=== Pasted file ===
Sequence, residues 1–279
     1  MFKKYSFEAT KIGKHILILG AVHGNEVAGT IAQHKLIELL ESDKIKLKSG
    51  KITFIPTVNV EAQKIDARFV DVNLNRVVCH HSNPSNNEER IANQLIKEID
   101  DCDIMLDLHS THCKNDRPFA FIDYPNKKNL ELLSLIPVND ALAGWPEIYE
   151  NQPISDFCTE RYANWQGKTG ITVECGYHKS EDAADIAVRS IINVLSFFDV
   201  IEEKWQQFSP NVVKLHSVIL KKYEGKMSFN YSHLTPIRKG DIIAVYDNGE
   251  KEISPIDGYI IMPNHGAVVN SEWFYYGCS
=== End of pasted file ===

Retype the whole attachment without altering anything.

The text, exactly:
Sequence, residues 1–279
     1  MFKKYSFEAT KIGKHILILG AVHGNEVAGT IAQHKLIELL ESDKIKLKSG
    51  KITFIPTVNV EAQKIDARFV DVNLNRVVCH HSNPSNNEER IANQLIKEID
   101  DCDIMLDLHS THCKNDRPFA FIDYPNKKNL ELLSLIPVND ALAGWPEIYE
   151  NQPISDFCTE RYANWQGKTG ITVECGYHKS EDAADIAVRS IINVLSFFDV
   201  IEEKWQQFSP NVVKLHSVIL KKYEGKMSFN YSHLTPIRKG DIIAVYDNGE
   251  KEISPIDGYI IMPNHGAVVN SEWFYYGCS